The Wasps was written in 422BC by the above Greek Playwrite Aristophenes. It involves a father Procleon and a son Anticleon, the latter of which has a sole aim to keep his father locked up away from jury duty as he see’s it as an injustice and a waste of the later stages of his life. The characters names relate to the Athenian politician Cleon, a contraversial but popular character at the time during the Peloponnesian War. Procleon is translated into Ancient Greek as “friend of Cleon” and Anticleon is translated as “hater of Cleon”.
Cleon, when he was in power, trebled the wages of the Jurymen to give him a hold on the poorer classes, a move frowned upon by Aristophenes as he demonstrates in The Wasps by conducting a full arguement on how corrupt the courts are and how Jurymen have such little influence on the final outcome, that they are nothing more than state pawns. Aristophenes’ dislike for Cleon was something of a class-based one as well. Rumours spread that Cleon was decended from a lower class background, and because of the amount of power and influence he held within Athenian politics, Aristophenes, being something of a rich snob at the time, didn’t like this at all and had somewhat of a personal vendetta against him.Order now
Aristophenes wrote the play The Wasps for The Lenaia, an annual drama festival in honour of the Greek god, Dionysus. The Lenaia took place in Athens in the month of Gamelion which is roughly January. During the festival in Aristophenes’ time, three plays were performed, most of them comedy as people would probably have been drinking wine at the time in honour of Dionysus.
Ancient Greek Old Comedy was mainly based on current issues like politics, morals, philosophy and literature. From the surviving plays, historians have pointed out that many local people or politicians are involved as characters in Old Comedy and are impersonated and often mocked. Also, from the little evidence we have, Old Comedies seem to have a fixed structure consisting of an agon and two parabases. The Chorus had a very important role in Old Greek Comedy as well, as they established a strong link between the actors and the audience.
Aristophenes was an Old Greek Comedy artist. We have eleven of his plays that are still readable and it is worth noting that a year before The Wasps was released, Aristophenes entered a play called Clouds which challenged many set ideas at the time, thus it being snubbed by the audience for being too political during the time of The Peloponnesian War.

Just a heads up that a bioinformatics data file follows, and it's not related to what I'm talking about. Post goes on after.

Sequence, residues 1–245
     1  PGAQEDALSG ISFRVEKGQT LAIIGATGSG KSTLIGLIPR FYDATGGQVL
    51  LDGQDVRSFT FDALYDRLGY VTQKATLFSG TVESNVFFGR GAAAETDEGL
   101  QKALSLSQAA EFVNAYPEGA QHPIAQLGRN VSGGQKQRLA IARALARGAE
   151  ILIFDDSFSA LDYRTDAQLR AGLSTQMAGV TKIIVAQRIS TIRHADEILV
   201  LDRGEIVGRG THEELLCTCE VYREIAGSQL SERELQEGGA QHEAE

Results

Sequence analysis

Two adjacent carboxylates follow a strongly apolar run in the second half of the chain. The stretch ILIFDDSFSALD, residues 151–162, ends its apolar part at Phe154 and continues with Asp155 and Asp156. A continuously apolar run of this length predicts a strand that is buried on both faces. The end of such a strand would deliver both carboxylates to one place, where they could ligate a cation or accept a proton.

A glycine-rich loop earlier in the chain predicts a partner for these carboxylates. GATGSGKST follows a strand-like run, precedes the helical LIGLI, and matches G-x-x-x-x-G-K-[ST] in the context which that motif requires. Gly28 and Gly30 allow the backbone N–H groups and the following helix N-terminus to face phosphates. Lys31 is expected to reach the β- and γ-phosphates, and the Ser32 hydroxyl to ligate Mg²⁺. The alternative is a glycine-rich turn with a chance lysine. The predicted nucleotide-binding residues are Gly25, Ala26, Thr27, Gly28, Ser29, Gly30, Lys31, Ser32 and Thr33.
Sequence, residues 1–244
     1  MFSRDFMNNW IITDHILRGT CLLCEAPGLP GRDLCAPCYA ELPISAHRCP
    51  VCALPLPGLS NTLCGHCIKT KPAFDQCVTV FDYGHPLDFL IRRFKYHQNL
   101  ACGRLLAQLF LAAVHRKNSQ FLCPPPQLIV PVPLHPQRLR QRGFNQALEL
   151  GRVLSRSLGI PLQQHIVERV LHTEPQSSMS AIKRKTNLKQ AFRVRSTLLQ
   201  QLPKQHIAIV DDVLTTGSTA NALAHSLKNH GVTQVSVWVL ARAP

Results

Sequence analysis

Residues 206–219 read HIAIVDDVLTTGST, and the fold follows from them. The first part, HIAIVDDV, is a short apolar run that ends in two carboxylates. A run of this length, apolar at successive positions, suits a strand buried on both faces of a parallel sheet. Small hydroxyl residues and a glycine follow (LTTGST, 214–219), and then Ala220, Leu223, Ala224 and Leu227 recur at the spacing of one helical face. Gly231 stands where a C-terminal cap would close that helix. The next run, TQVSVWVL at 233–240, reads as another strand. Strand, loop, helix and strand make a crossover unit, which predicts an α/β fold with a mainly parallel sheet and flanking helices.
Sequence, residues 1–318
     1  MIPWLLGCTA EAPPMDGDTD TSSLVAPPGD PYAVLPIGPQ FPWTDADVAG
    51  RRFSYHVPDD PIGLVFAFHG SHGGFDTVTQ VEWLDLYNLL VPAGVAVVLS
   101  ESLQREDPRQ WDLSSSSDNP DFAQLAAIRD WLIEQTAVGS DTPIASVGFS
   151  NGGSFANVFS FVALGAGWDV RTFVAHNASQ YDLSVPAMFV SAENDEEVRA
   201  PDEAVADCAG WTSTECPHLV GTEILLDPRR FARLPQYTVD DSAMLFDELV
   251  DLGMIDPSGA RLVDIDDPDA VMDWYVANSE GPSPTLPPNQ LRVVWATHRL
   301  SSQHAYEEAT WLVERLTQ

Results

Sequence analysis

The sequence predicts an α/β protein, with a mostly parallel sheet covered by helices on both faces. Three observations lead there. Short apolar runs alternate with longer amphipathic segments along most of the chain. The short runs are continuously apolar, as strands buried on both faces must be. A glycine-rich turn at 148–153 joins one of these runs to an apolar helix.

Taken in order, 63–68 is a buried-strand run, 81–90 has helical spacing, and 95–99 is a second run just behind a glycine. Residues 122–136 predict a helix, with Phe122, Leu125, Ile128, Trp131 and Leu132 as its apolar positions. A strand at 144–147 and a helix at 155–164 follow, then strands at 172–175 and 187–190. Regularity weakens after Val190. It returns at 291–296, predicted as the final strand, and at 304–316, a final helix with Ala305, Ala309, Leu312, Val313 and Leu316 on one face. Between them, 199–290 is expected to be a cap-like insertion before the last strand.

So the stage was set for Aristophenes to write a comeback comedy for The Lenaia whilst having a dig at Cleon, the question I will attempt to answer, is was Aristophenes’s main aim to entertain the audience and bounce back from his earlier failure, or did Aristophenes actually have a personal vendetta, setting out an attack on Cleon to promote political change?
The first thing I will examine is Clouds. The play was written a year before The Wasps, and shed a new light on Socrates’s teachings. We do not know the exact reason why, but Aristophenes displayed Socrates in a very contraversial way, that he was poisoning the minds of the youth at the time with his teachings. This play was clearly written to promote political change, and although it was used as a key peice of evidence in his trial before Socrates was sentenced to death, it was unsuccessful when it was released. I believe that in this play, Aristophenes’ main aim, was to kick up a fuss over nothing as he was jealous of the position of power that Socrates was in, because to cause less much less contraversy, Aristophenes could have easily wrote the play about someone less famous at the time.
A year later, Aristophenes had made himself another enemy in a position of power as I mentioned earlier, Cleon. Like Clouds, he tried to write a play to start new contraversial ideas, but this time he had to emphasise the comedy rather than the political change, otherwise the audience wouldn’t favour the play once more. Whether you look at Aristophenes as a coward or simply clever, he understood the concept which evolved around his time that, to quote Euripides “The tongue is mightier than the blade.” To bring down his foes and the people he disliked, rather than have them assasinated or start some kind of rebellion, putting his own neck on the line, he chose the much wiser option of insulting them in his plays infront of a mass audience.